You should watch the Europa League! No seriously, do it. We know what we've said before, but it's different now. And good.

Since the Europa League has spent so long as European soccer's equivalent to college basketball's NIT, it probably still sounds a little weird to hear anyone advocating paying attention to it. But thanks to a new rule change that gives the competition's winner a spot in the following season's Champions League, there's actually a reason for the teams to, you know, try to win it, which gives us a reason to watch.

If you aren't familiar with it, a little more Soccer 101. The Europa League is the second-most prestigious international club competition in Europe, which is to say that it's historically not very prestigious at all. Spots for the tournament everyone does care about, the UEFA Champions League, are handed out on the basis of where teams finish in their league table. Each league is given a certain number of UCL spots depending on how UEFA ranks each of their constituent nations' league. For example, England, Spain, and Germany get four UCL spots for the top four teams in their leagues, Italy, France, and Portugal get three, and so on.


Apart from the Champions League spots, countries are given a few more slots for the Europa League. These are usually given to the one or two teams that finish just outside the Champions League places. (For example, the 5th and 6th finishers in La Liga make the Europa League). Additionally, winning a domestic cup—England's F.A. Cup and League Cup, for instance—can earn a bid to the Europa League. (It gets more complicated than that in practice, since these cups are usually won by teams that will qualify for European play through their place in the league, but we'll gloss over the minutiae). Furthermore, the third-placed team in each Champions League group—the top two in the group progress to the knockout rounds—are kicked down to the Europa League knockout rounds.

All of this is to say that it's basically a tournament for runners-up to the runners-up and various kinds of also-rans.

Traditionally, there are two types of teams in the Europa League: those that are pushing for their national league's Champions League places, and those that aren't. The former group usually consists of a handful of clubs from the best few leagues (England, Spain, Germany) that narrowly missed out on the top four the year prior (or finished third in their UCL group) and want to give it a stronger push this season. The latter are ones that were fortunate to finish as high they did the previous season, or ones from the lesser leagues around Europe who have no realistic hope of doing anything in the Champions League anyway.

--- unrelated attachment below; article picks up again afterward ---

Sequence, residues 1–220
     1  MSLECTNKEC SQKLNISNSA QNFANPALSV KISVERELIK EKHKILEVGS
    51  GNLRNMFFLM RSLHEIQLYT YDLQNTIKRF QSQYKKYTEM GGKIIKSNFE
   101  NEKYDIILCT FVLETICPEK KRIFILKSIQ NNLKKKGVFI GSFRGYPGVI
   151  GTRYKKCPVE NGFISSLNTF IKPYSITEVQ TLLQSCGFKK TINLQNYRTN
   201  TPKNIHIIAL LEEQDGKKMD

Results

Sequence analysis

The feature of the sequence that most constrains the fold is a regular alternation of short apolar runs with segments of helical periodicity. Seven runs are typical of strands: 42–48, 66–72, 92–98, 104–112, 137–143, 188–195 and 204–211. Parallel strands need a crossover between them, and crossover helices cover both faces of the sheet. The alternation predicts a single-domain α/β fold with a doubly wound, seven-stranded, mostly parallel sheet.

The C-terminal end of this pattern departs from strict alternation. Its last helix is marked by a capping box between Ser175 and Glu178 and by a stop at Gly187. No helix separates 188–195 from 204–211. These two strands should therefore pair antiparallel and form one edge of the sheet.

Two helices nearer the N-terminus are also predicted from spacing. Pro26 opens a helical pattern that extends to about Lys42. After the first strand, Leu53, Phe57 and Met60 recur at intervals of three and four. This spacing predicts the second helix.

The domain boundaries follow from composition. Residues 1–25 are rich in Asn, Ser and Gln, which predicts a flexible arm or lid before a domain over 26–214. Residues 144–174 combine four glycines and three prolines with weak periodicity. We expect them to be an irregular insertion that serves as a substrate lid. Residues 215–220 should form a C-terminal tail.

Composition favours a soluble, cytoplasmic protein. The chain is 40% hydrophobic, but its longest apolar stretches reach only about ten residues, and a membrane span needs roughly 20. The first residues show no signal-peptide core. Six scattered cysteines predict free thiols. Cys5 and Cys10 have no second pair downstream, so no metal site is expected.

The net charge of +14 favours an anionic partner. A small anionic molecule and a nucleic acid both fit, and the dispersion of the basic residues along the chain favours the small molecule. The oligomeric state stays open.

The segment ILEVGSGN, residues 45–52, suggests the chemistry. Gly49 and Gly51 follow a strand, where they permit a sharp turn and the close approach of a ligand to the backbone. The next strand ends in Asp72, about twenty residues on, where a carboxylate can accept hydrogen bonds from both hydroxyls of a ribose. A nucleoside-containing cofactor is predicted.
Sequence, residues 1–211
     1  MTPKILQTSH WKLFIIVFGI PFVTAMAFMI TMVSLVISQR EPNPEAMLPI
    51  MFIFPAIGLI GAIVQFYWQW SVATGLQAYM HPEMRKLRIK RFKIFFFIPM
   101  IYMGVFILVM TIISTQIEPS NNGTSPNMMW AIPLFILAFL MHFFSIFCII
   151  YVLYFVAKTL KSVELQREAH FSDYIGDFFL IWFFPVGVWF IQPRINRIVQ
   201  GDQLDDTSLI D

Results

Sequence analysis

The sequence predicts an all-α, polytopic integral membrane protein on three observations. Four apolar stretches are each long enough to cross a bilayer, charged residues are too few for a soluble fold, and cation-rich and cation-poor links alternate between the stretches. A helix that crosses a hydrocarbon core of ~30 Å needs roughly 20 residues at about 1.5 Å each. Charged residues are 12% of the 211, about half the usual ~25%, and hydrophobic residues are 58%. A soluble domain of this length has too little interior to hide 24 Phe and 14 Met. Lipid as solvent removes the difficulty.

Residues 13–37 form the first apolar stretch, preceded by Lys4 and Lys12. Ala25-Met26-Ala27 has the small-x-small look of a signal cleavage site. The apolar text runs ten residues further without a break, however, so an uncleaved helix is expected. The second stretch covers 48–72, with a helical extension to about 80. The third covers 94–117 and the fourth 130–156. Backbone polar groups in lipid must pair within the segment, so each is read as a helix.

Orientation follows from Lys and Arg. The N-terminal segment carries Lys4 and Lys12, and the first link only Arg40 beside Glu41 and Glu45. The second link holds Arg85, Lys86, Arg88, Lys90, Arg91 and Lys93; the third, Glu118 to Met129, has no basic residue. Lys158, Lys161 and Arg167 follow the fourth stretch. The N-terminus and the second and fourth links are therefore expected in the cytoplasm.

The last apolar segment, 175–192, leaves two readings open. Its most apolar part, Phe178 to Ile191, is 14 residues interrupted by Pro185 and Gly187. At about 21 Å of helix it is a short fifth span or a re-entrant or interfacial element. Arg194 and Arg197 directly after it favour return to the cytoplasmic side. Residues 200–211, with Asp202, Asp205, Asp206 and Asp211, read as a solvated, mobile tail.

The strong teams would only begrudgingly compete every couple weeks in Europe's off-brand tournament, feeling that the "privilege" of flying off to all corners of the continent only a couple days before their next league match was more burden than blessing. These teams would go up against relatively smaller clubs eager to fight for a trophy that would actually mean a lot to them. Towards the later rounds, whichever of the bigger teams managed to sleepwalk their way into the semifinals would realize they were pretty close to some silverware and might as well try to win the thing, and pretty often would succeed. All of this was convoluted on multiple levels for reasons related to the conceptual weaknesses inherent in having a big tournament for runners-up to runners-up, and both the better competitors and spectators were happy to more or less ignore it all.

In recent years, the Europa title has been a little more highly-coveted by better teams, as players and managers in places like Spain and Portugal recognized that, meaningless or not, winning a knockout tournament looked good on a résumé. Still, it took this newest rule change to jolt the rest of us out of our slumber.

Awarding a Champions League spot to the eventual winner gives many of the better sides in the tournament a huge incentive to win. It means fun teams like Fiorentina, Torino, Sevilla, Villarreal, and Everton (hey, they aren't exactly fun in the EPL but somehow Romelu Lukaku transforms them into Everton of last season every odd Thursday in Europa) that probably won't qualify for the UCL through their final league positions will throw everything they have into this competition. As with the Champions League, it will give those of us who can't watch everything—i.e., all of us—a chance to see some of Europe's better teams and players in leagues we don't follow as closely at peak intensity against quality opponents. It's exactly what you want from soccer.


We've put off running this until today because it wasn't until the Round of 16 (the first legs of which will be played today) when most of the doody teams had been bounced and what remains is almost uniformly good. As you read this, Zenit will probably be taking on Torino (starts at 1 p.m. Eastern), and our boy Hulk is generally worth the price of admission himself.



The next round of games after that start at 2 p.m. and the best of those is Wolfsburg-Inter. There you can see one goal-happy team with hottest striker in the world, Bas Dost, and his chief set-up man, Kevin De Bruyne, against a couple more young attacking studs in Mauro Icardi and Xherdan Shaqiri. At 4:05 p.m. you have your pick of the two most-intriguing games of the round in the intraleague matchups Villarreal-Sevilla and Fiorentina-Roma.

So there you have it, a whole day's worth of quality games featuring some great players, really good teams, and, most importantly, real desire to win, on what has been for so long a barren Thursday. Your productivity at work may disagree, but a compelling Europa League is a very good thing.